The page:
Beginning at the bottom of the ladder in the department of North Indian Languages as a Research Assistant, Shaw worked his way up the curatorial and management rungs before retiring as the Head of Asia, Pacific and Africa Collections (APAC) of the British Library in 2010. Shaw oversaw the creation of the Oriental and India Office Collections (later known as APAC and now ‘Asian & African Studies’), the largest single-site resource available to researchers of South Asia with the widest range of printed and manuscript items. This involved the amalgamation of two centuries-old collections, the erstwhile India Office Library and the Oriental Manuscripts and Printed Books Collection.
But this was not all. Shaw, perhaps without realising it himself, had embarked on a parallel career as a print historian. As a librarian, curator and keeper of Oriental collections, Shaw was expected to have an intimate knowledge of the material under his care so that he could guide researchers as well as identify gaps in the collection and try to acquire new material. As he recalls, “Some days I would spend a whole morning or afternoon down there going through the books shelf by shelf, noting down items of interest (early or unusual imprints, fine bindings, etc.) until I had scanned the whole collection – at least in a cursory way.” Shaw, however, well exceeded his brief. Trawling printed catalogues of far-flung libraries, he began to make notes on individual imprints and map the spread of printing in South Asia.
Shaw was first induced to write when he discovered that the existing texts were rather removed from the facts that he had been uncovering as he plowed through the collections under his care. His very first contribution to print history, published in 1977 in the British Library Journal, concerns itself with the Cuttack Mission Press and the important role it played in the establishment of an Odia print culture.
A decade for bibliographies
Bibliographies are the building blocks of print history. Graham Shaw believes that they “are the essential factual underpinning of research without which reliable evidence-based interpretative histories of print become much more difficult if not impossible to compile.” The middle decades of the twentieth century, when adequate funding and diligent research assistants were both easily available, can be seen as the heyday of printed bibliographies.
Most bibliographies these days, like their lesser cousins – catalogues, are likely to be online repositories, and are collaborative projects with a life of their own. The lay person might view a bibliography as merely a list of books, but for the connoisseur and expert, it could be a window to enter new print worlds and refashion old ones. The painstaking efforts behind each entry can only be appreciated by a practitioner.
During the 1980s, much of Graham Shaw’s imprints consisted of bibliographies, some of them landmarks in their own right. His first book-length publication which appeared in 1981, Printing in Calcutta to 1800, was a bibliography of all imprints published in Calcutta up to the year 1800. It was a pioneering effort that attracted a lot of positive attention; as one reviewer noted, “With facts and figures he has convincingly established that during this period Calcutta emerged as a major centre for commercial printing in South Asia. Thus, a new period has been added to the history of Indian printing where for lack of information there was none.” This was followed by two more collaborative bibliographies: The bibliography of South Asian periodicals: a union-list of periodicals in South Asian languages (published 1982, with Salim Quraishi) and Publications proscribed by the Government of India (published 1985, with Mary Lloyd).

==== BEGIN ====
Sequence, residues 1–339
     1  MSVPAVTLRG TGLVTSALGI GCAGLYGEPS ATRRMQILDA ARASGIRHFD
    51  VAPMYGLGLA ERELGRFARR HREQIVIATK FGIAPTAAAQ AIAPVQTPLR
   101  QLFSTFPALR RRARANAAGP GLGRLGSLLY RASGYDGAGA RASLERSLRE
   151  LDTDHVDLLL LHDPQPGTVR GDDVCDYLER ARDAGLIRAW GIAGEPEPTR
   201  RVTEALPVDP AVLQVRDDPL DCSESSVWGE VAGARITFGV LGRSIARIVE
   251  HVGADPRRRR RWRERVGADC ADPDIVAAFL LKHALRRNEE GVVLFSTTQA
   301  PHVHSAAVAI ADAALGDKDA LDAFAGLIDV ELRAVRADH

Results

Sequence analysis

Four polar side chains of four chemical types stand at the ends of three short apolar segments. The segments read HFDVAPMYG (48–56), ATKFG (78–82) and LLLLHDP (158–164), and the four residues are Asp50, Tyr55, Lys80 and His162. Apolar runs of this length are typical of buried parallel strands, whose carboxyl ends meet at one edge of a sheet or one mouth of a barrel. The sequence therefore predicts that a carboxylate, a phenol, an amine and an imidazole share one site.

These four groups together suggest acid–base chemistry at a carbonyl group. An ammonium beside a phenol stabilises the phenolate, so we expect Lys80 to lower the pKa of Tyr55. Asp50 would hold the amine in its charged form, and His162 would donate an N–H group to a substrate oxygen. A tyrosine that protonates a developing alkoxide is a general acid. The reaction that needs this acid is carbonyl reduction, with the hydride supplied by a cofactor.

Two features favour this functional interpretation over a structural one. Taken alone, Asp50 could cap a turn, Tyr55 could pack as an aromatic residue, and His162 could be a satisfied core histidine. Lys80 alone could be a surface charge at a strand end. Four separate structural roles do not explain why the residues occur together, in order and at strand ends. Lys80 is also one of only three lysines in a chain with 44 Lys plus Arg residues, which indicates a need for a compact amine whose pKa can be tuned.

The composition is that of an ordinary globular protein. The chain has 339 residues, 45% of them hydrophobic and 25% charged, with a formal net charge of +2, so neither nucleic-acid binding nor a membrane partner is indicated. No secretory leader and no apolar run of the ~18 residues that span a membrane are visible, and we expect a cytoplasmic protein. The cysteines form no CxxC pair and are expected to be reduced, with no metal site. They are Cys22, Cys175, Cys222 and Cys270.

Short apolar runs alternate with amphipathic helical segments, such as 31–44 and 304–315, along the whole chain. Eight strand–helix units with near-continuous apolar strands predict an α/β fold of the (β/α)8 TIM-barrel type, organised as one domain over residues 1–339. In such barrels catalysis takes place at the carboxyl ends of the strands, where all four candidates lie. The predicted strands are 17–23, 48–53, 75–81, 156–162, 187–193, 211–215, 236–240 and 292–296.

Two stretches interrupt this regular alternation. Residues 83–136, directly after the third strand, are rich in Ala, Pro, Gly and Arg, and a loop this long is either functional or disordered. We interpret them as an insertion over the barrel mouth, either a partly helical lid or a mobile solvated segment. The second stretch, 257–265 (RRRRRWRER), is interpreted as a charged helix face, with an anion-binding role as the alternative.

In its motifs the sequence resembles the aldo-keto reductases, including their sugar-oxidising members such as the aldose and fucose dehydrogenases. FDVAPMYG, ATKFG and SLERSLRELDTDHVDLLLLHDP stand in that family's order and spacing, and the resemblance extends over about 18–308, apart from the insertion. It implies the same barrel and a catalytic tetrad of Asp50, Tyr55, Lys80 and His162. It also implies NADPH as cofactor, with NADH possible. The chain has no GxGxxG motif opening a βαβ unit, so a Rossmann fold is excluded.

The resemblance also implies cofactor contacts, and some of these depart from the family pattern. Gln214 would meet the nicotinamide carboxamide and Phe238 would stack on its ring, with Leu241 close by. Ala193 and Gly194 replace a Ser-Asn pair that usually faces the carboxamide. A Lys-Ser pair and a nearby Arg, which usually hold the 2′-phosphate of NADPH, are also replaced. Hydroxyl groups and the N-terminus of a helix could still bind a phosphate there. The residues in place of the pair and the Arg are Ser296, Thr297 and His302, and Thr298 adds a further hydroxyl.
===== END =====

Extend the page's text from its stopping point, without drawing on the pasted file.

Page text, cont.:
Shaw’s most important project of the decade was the compilation of the The South Asia and Burma Retrospective Bibliography (SABREB): Stage 1: 1556-1800. It marked him as a print historian of South Asia. An ambitious project in terms of both the time frame of nearly two hundred and fifty years and in terms of the number of languages (twenty-seven) in which books were printed, it gave Shaw the opportunity to make numerous discoveries, big and small. As Shaw remarks, “The entries on Goa, Cochin, etc. led me to search for the earliest Indian imprints and to prove, for instance, that the first book printed in India in a regional language in its own script was not the Christian catechism in Tamil printed at Quilon in 1578 but a similar work printed at Goa a year earlier, a copy of which had once been preserved in Leiden University Library.” Scouring over one hundred and fifty different repositories across the world, Shaw was able to identify 1,771 imprints (ranging from books, periodicals, newspapers, pamphlets and other ephemera) which were printed in South Asia until 1800. When it was first conceptualized, the bibliography project was to extend until the year 1900, but as the scale of printing exploded exponentially in the nineteenth century, it had to be a large-scale collaborative project.